It is because Nairobi resulted in a successful conclusion – and crucially opened the door for further negotiations to take place – that it is widely seen as rekindling faith in the organisation’s negotiating function and offering an important counter to the growth of “mega-regional” trade deals such as the Trans-Pacific Partnership (TPP) and the Transatlantic Trade and Investment Partnership (TTIP).  Yet, it came at the expense of the DDA and the 14-year effort to agree to a wide-ranging multilateral deal on trade measures for development that has been a key demand of developing countries, and which has been crucial to securing their participation in the multilateral trading system. 

The consequences of this decision, however, have significance beyond the Doha Round.  The Nairobi outcome breaks with a near 40-year desire to conclude negotiations on a universal basis in the General Agreement on Trade and Tariffs (GATT) and the WTO. [Ref 4]  Not only does the decision re-introduce a framework for negotiation permitting the conclusion of small group agreements that were a feature of many of the trade rounds prior to Uruguay (1986-1994), it also amounts to a recognition that the pursuit of universal agreements like the DDA is too difficult.  

This, in turn, reduces the capacity of developing countries to secure trade-offs from developed countries in return for concessions in new areas as they had during the Uruguay Round when agreements in services, intellectual property rights, and investment measures, among other things, were given in return for agreements on agriculture, and textiles and clothing, as well as in an extension of special and differential treatment. 

It is difficult to see how, in an era of mega-regional and plurilateral negotiations wherein the most commercially significant members negotiate market-opening deals among themselves, developing countries are likely to be able to gain significantly.  And given that securing trade gains is a prerequisite of the 2030 trade-led growth and development strategy, it is hard to see how the Nairobi declaration will do anything other than hinder the capacity of the multilateral trading system to contribute meaningfully to the realisation of the SDGs.

It is worth bearing in mind that part of the rationale for launching the DDA on the basis of a single undertaking was to enable developing countries to secure the rectification of implementation anomalies and unfinished pieces of business from the Uruguay Round – particularly in agriculture – in exchange for any new trade concessions. Many of these remedial measures are seen by developing countries as important in helping realise the 2030 Agenda.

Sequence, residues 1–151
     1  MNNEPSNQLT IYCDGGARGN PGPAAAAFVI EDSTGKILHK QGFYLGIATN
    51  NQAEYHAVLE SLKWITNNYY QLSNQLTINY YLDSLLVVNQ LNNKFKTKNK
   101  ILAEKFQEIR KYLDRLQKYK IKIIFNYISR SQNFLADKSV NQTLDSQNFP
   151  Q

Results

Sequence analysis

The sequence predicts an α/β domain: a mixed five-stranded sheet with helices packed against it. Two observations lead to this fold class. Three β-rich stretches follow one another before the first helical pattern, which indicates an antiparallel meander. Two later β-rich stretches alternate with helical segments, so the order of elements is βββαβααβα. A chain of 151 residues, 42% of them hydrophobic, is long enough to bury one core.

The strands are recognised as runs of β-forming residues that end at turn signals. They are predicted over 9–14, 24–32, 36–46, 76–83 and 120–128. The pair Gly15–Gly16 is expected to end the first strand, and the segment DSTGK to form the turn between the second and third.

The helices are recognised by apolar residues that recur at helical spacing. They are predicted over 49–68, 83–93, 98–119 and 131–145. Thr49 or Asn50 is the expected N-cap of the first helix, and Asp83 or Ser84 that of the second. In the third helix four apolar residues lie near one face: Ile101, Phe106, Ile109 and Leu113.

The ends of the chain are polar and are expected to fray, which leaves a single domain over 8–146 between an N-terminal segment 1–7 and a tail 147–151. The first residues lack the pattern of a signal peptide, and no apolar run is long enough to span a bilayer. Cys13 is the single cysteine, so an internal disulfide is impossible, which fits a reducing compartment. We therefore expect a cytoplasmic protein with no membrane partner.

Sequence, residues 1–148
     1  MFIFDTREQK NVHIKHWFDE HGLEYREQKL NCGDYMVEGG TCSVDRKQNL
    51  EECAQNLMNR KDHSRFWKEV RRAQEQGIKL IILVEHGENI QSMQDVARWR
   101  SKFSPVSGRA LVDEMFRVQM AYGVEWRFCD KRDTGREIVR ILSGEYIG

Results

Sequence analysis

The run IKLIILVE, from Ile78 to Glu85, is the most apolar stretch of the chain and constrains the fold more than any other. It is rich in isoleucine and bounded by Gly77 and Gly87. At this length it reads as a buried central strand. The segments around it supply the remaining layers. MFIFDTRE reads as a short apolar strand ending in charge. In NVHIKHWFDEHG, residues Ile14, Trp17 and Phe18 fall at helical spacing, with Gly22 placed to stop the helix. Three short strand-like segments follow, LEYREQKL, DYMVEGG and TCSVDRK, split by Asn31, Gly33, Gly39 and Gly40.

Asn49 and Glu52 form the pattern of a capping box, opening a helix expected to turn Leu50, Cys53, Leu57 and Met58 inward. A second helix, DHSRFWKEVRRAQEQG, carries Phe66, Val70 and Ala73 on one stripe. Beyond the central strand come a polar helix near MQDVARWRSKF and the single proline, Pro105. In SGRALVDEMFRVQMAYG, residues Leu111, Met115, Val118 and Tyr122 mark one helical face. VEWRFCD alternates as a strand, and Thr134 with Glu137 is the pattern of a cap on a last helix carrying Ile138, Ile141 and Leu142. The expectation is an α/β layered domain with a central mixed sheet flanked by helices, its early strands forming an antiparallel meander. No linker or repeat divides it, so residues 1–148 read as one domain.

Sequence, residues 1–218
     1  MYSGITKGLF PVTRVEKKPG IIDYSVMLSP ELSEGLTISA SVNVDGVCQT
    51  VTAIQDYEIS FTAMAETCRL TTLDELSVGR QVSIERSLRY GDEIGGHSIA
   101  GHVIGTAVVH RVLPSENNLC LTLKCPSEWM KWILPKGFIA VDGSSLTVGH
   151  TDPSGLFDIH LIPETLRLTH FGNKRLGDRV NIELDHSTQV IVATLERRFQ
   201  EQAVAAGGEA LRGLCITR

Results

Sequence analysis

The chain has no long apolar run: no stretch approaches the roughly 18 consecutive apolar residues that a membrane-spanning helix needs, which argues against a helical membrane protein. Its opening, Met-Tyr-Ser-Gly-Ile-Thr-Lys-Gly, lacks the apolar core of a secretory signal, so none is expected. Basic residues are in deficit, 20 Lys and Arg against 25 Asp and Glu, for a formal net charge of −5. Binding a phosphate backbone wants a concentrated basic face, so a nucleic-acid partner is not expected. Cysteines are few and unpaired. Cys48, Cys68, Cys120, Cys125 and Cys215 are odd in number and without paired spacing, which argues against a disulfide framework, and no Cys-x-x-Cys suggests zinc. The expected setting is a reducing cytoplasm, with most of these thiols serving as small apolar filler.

While it is the case that the Nairobi ministerial declaration commits members to the pursuit of development gains by other means, the only compunction to complete Doha is if there is a desire to open up negotiations in new areas on a multilateral basis.  This is small beer indeed.

This outcome fundamentally alters the likely shape of future WTO deals.  While the use of a critical mass negotiating mode brought participation and consensus into the core of the Nairobi talks, ironically it resulted in an agreement that enables members to move away from the pursuit of universal agreements wherein a balance of concessions is required that are acceptable to all members, to one in which more narrowly focused piecemeal negotiations can be pursued. 

This less-than-universal approach to negotiating has a long history in multilateral trade and its return signals a move back to a more “mini-lateral” exclusionary mode of agreeing trade deals that has traditionally favoured developed countries over their developing counterparts.

The transformation of the WTO’s negotiating function into a much lither machinery is likely to preserve rather than attenuate this pattern.  This does not necessarily mean that gains for the poorest and LDCs will be absent from future negotiations, but it does mean that they will almost certainly be of proportionately lesser value. 

What now?

The future for the WTO and the multilateral trading system is mixed.  On the one hand, it is clear that the Nairobi outcome will energise the multilateral system and enable the WTO to preside over future agreements.  On the other hand, and in the absence of a universal endeavour, there is very little to force developed countries to focus on negotiations that are of specific interest to their developing counterparts.  

The WTO’s negotiating function is now sufficiently problematic, and the organisation too peripherally placed, for the multilateral trading system to contribute as meaningfully to the realisation of the SDGs as had been envisaged.  All we can hope for is that members make good on their commitment to pursue development gains by other means.  The history of the Doha round and of the multilateral trading system more generally tells us that we should not hold our breath.

Rorden Wilkinson, Professor of Global Political Economy and Chair of the Department of International Relations, University of Sussex, UK

[Ref 1] See Fukuda-Parr, Sakiko, and David Hulme. "International norm dynamics and the “end of poverty”: understanding the Millennium Development Goals." Global governance: a review of multilateralism and international organizations 17.1 (2011): 17-36. Also Wilkinson, Rorden, and David Hulme. The Millennium Development Goals and beyond: global development after 2015. Vol. 65. Routledge, 2012.

[Ref 2] Wilkinson, Rorden. "Fit for Purpose? The Multilateral Trading System and the Post-2015 Development Agenda." (2014).

[Ref 3] See Gowa, Joanne, and Soo Yeon Kim. "An exclusive country club: the effects of the GATT on trade, 1950–94." World Politics 57.04 (2005): 453-478; Wilkinson, Rorden, and James Scott. "Developing country participation in the GATT: a reassessment." World Trade Review 7.03 (2008): 473-510.

[Ref 4] The desire to conclude rounds on the basis of a single undertaking was a stated aim of multilateral trade negotiations as far back as the commencement of the Tokyo Round (1973-1979).